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Quantification of l-carvone in toothpastes available on the Swedish market

Kroona, Liv; Warfvinge, Gunnar; Isaksson, Marléne LU ; Ahlgren, Camilla; Dahlin, Jakob LU ; Sörensen, Östen LU and Bruze, Magnus LU (2017) In Contact Dermatitis 77(4). p.224-230
Abstract

Background: Toothpastes have widespread use in the population, and contain flavours to give a pleasant and often minty aroma. Flavours are prevalent allergens in toothpastes, and adverse reactions often present as perioral dermatitis or stomatitis. l-Carvone, a mint flavour found in spearmint oil, is one of these allergens. There are few studies on contact allergy to l-carvone, and some of them have indicated a positive relationship with oral lichenoid lesions. Objectives: To qualitatively and quantitatively investigate the presence of l-carvone in commercially available toothpastes on the Swedish market. Methods: l-Carvone in 66 toothpastes was analysed with straight-phase high-performance liquid chromatography. The product labels were... (More)

Background: Toothpastes have widespread use in the population, and contain flavours to give a pleasant and often minty aroma. Flavours are prevalent allergens in toothpastes, and adverse reactions often present as perioral dermatitis or stomatitis. l-Carvone, a mint flavour found in spearmint oil, is one of these allergens. There are few studies on contact allergy to l-carvone, and some of them have indicated a positive relationship with oral lichenoid lesions. Objectives: To qualitatively and quantitatively investigate the presence of l-carvone in commercially available toothpastes on the Swedish market. Methods: l-Carvone in 66 toothpastes was analysed with straight-phase high-performance liquid chromatography. The product labels were studied with regard to limonene. Results: l-Carvone was found in 64 of 66 toothpastes (concentration: 0.00005–0.35%). In 10 of these, the concentration exceeded 0.1%. Higher concentrations of l-carvone were found if limonene was listed on the label. Conclusion: The majority of toothpastes on the Swedish market contain l-carvone, but the concentration hardly relates to the advertised flavour or labelled ingredients. It is hitherto unknown whether the found concentrations are sufficient for induction of contact allergy in individuals with healthy oral mucosa or in those with oral lichenoid lesions or other mucosal disease.

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author
organization
publishing date
type
Contribution to journal
publication status
published
subject
keywords
contact allergy, contact dermatitis, flavour, fragrances, high-performance liquid chromatography, l-carvone, limonene, oral lichen planus, oral lichenoid lesions, spearmint, toothpastes
in
Contact Dermatitis
volume
77
issue
4
pages
7 pages
publisher
Federation of European Neuroscience Societies and Blackwell Publishing Ltd
external identifiers
  • scopus:85028733948
  • wos:000409110100005
ISSN
0105-1873
DOI
10.1111/cod.12803
language
English
LU publication?
yes
id
a8cf3480-9856-4e17-a6ff-720ce85c69c0
date added to LUP
2017-10-02 15:28:19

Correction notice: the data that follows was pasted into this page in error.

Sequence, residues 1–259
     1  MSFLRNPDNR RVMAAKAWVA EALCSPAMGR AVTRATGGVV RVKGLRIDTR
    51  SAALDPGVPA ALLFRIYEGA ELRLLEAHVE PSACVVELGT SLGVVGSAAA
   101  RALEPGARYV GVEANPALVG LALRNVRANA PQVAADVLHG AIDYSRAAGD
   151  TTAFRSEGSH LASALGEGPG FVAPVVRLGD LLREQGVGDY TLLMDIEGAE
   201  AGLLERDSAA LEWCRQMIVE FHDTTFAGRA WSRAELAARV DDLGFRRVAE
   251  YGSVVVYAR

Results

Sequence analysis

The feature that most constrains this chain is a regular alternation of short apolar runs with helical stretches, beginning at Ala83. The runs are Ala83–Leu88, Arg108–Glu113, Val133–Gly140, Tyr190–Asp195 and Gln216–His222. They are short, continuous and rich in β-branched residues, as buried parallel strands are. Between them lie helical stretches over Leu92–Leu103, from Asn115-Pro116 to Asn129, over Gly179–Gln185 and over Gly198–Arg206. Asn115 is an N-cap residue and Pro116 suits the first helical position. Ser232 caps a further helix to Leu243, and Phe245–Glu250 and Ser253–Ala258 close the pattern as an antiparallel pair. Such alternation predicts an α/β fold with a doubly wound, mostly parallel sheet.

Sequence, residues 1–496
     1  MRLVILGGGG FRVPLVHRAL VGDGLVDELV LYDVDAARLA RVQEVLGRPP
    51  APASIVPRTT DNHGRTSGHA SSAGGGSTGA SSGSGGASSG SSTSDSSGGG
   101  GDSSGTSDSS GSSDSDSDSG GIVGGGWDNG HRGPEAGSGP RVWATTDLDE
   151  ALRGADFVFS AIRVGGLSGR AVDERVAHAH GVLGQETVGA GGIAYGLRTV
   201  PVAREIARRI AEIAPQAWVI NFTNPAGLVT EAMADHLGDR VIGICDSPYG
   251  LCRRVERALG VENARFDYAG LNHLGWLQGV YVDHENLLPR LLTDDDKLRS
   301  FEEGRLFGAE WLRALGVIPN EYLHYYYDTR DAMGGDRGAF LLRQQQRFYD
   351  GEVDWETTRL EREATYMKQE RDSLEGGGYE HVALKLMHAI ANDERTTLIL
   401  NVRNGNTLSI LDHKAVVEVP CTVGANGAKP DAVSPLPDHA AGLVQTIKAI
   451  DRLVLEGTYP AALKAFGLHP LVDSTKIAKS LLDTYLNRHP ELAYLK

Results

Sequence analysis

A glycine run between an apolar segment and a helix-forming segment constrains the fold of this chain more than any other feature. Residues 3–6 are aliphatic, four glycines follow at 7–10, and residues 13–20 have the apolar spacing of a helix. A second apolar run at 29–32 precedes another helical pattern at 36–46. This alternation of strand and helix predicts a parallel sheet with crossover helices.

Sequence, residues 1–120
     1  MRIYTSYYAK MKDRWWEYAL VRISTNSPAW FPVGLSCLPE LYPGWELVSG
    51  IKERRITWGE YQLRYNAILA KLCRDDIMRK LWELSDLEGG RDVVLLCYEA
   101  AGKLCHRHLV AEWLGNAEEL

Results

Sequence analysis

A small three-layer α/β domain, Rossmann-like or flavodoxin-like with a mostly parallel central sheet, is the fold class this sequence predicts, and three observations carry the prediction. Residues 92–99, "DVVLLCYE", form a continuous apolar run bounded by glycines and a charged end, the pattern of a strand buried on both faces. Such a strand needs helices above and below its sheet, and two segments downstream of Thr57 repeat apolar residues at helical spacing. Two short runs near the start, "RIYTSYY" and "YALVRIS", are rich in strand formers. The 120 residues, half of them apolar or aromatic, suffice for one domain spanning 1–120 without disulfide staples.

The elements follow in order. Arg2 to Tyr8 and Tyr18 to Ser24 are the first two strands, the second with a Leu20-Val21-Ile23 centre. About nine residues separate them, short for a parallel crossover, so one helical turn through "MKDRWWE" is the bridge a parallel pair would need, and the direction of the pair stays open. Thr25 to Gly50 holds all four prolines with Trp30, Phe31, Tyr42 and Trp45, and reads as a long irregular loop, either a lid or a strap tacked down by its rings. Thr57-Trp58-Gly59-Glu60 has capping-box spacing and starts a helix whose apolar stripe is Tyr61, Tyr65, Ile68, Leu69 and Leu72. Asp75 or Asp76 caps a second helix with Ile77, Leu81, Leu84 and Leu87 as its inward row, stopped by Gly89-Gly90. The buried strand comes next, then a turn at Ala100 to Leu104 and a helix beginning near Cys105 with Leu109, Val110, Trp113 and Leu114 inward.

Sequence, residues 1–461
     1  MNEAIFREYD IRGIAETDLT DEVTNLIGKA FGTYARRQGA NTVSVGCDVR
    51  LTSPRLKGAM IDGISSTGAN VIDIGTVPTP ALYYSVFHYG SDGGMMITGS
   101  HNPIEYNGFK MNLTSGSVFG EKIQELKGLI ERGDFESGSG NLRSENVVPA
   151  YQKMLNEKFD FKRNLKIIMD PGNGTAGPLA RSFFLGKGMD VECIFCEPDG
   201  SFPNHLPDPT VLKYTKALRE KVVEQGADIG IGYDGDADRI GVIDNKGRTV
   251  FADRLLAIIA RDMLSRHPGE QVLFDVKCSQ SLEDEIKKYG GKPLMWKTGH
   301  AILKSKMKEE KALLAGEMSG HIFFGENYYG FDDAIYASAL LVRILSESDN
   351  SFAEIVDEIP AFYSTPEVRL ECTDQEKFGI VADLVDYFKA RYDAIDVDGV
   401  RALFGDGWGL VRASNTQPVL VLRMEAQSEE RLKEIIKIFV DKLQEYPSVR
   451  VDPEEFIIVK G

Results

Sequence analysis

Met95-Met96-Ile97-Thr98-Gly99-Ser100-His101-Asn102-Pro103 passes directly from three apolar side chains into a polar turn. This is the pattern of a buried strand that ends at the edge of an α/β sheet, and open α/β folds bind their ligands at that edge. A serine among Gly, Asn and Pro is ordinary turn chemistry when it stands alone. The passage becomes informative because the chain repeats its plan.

date last changed
2018-01-16 13:20:18
@article{a8cf3480-9856-4e17-a6ff-720ce85c69c0,
  abstract     = {<p>Background: Toothpastes have widespread use in the population, and contain flavours to give a pleasant and often minty aroma. Flavours are prevalent allergens in toothpastes, and adverse reactions often present as perioral dermatitis or stomatitis. l-Carvone, a mint flavour found in spearmint oil, is one of these allergens. There are few studies on contact allergy to l-carvone, and some of them have indicated a positive relationship with oral lichenoid lesions. Objectives: To qualitatively and quantitatively investigate the presence of l-carvone in commercially available toothpastes on the Swedish market. Methods: l-Carvone in 66 toothpastes was analysed with straight-phase high-performance liquid chromatography. The product labels were studied with regard to limonene. Results: l-Carvone was found in 64 of 66 toothpastes (concentration: 0.00005–0.35%). In 10 of these, the concentration exceeded 0.1%. Higher concentrations of l-carvone were found if limonene was listed on the label. Conclusion: The majority of toothpastes on the Swedish market contain l-carvone, but the concentration hardly relates to the advertised flavour or labelled ingredients. It is hitherto unknown whether the found concentrations are sufficient for induction of contact allergy in individuals with healthy oral mucosa or in those with oral lichenoid lesions or other mucosal disease.</p>},
  author       = {Kroona, Liv and Warfvinge, Gunnar and Isaksson, Marléne and Ahlgren, Camilla and Dahlin, Jakob and Sörensen, Östen and Bruze, Magnus},
  issn         = {0105-1873},
  keyword      = {contact allergy,contact dermatitis,flavour,fragrances,high-performance liquid chromatography,l-carvone,limonene,oral lichen planus,oral lichenoid lesions,spearmint,toothpastes},
  language     = {eng},
  month        = {10},
  number       = {4},
  pages        = {224--230},
  publisher    = {Federation of European Neuroscience Societies and Blackwell Publishing Ltd},
  series       = {Contact Dermatitis},
  title        = {Quantification of l-carvone in toothpastes available on the Swedish market},
  url          = {http://dx.doi.org/10.1111/cod.12803},
  volume       = {77},
  year         = {2017},
}